It was a time, in other words, of huge adventures and discoveries. But in this, certain moments stick out. Coming from therapeutic community work with children and young people, and hugely ignorant of anything else, the moment when interviewing Stuart Whiteley in 1990, that when he talked about therapeutic communities for adults, he was talking about a community in which the patients were resident; the patients lived in the community, but the staff went home. That was a shock and a novelty. Part of the principle in the therapeutic community in which I had lived and worked was that it was, genuinely, your home; and you shared it, and your life, for the time they were there, with the children. Your life was an integral part of the therapeutic environment. In retrospect it was a mind-blowing realisation, and I\'ve had to overcome considerable resistance to seeing therapeutic communities in which staff go home as real therapeutic communities at all. Although it does explain the use of that term "residents".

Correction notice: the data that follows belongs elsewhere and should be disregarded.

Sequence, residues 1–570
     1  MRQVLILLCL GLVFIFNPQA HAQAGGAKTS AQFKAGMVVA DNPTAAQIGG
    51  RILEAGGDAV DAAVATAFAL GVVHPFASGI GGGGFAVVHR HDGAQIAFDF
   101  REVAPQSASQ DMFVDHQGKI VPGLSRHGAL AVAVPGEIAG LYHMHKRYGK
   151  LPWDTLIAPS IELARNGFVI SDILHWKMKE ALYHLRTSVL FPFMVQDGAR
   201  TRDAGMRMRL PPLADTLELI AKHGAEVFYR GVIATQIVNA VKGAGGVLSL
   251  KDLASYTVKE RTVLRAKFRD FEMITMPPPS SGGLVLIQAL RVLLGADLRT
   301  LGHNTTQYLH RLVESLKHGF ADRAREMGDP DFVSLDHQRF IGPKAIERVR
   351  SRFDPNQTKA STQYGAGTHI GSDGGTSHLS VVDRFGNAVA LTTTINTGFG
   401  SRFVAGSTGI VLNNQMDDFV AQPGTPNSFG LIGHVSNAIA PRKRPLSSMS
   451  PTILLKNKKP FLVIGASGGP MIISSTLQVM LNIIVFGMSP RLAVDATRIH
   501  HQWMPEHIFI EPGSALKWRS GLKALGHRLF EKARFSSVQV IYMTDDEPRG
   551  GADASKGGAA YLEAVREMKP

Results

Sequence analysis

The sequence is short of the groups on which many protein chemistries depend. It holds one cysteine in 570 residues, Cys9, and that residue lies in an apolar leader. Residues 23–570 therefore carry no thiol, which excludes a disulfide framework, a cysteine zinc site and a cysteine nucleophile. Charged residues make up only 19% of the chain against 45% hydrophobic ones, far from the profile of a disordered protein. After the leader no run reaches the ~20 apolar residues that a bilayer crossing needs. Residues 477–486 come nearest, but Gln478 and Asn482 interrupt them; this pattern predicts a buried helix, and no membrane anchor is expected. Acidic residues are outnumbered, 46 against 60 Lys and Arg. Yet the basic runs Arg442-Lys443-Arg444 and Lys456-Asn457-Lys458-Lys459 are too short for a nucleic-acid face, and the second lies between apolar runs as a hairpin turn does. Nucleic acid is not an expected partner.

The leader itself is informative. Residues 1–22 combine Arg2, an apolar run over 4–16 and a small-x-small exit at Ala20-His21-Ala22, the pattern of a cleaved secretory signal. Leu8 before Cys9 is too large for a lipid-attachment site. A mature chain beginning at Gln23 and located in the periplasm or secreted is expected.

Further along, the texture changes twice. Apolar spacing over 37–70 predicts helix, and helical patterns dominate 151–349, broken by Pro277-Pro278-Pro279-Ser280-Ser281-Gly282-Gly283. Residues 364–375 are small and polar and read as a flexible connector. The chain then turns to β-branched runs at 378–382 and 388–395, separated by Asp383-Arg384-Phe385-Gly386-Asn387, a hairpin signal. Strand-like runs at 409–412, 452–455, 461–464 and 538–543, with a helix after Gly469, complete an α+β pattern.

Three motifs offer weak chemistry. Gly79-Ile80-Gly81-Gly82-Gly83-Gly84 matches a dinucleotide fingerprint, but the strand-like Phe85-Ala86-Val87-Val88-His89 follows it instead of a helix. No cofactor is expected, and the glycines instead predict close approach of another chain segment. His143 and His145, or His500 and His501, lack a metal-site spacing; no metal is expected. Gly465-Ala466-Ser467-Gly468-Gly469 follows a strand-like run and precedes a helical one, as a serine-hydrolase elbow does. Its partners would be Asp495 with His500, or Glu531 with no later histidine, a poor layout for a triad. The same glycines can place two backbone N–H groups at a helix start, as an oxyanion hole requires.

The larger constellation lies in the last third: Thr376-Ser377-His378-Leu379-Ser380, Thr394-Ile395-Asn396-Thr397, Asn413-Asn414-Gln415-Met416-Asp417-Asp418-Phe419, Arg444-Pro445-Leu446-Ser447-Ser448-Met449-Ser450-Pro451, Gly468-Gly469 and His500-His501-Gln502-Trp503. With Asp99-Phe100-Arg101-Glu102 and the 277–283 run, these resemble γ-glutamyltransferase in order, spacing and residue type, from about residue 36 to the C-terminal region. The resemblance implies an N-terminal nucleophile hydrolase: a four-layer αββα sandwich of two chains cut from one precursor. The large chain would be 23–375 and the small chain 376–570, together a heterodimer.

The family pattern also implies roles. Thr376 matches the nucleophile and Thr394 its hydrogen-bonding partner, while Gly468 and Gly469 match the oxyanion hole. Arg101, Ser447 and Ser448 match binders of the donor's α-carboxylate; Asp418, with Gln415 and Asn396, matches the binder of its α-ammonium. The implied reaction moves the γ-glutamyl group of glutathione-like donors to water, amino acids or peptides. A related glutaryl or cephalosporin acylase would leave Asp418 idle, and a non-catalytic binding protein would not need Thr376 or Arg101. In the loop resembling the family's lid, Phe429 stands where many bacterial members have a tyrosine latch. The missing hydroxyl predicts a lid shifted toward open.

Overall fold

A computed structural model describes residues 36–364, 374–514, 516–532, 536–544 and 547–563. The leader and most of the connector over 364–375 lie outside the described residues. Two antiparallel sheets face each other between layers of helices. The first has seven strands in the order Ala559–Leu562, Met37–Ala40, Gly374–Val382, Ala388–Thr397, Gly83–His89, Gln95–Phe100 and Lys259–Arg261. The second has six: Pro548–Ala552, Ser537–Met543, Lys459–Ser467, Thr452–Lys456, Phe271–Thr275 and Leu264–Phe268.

But the moment of change I\'m recording here came about because of one of those people who had been \'resident\', albeit as a soldier, at Northfield Military Psychiatric Hospital, and one or two conventional places after the war. The staff, of course, although they did not live on the wards at Northfield, lived within the grounds; as Maxwell Jones did in much of his career.

\* Several weeks ago, when I introduced myself to a senior figure in the field, saying we\'d met at the Planned Environment Therapy Trust\'s Archive and Study Centre, he said "Ah yes, you showed me around the strong rooms. It was like a mausoleum."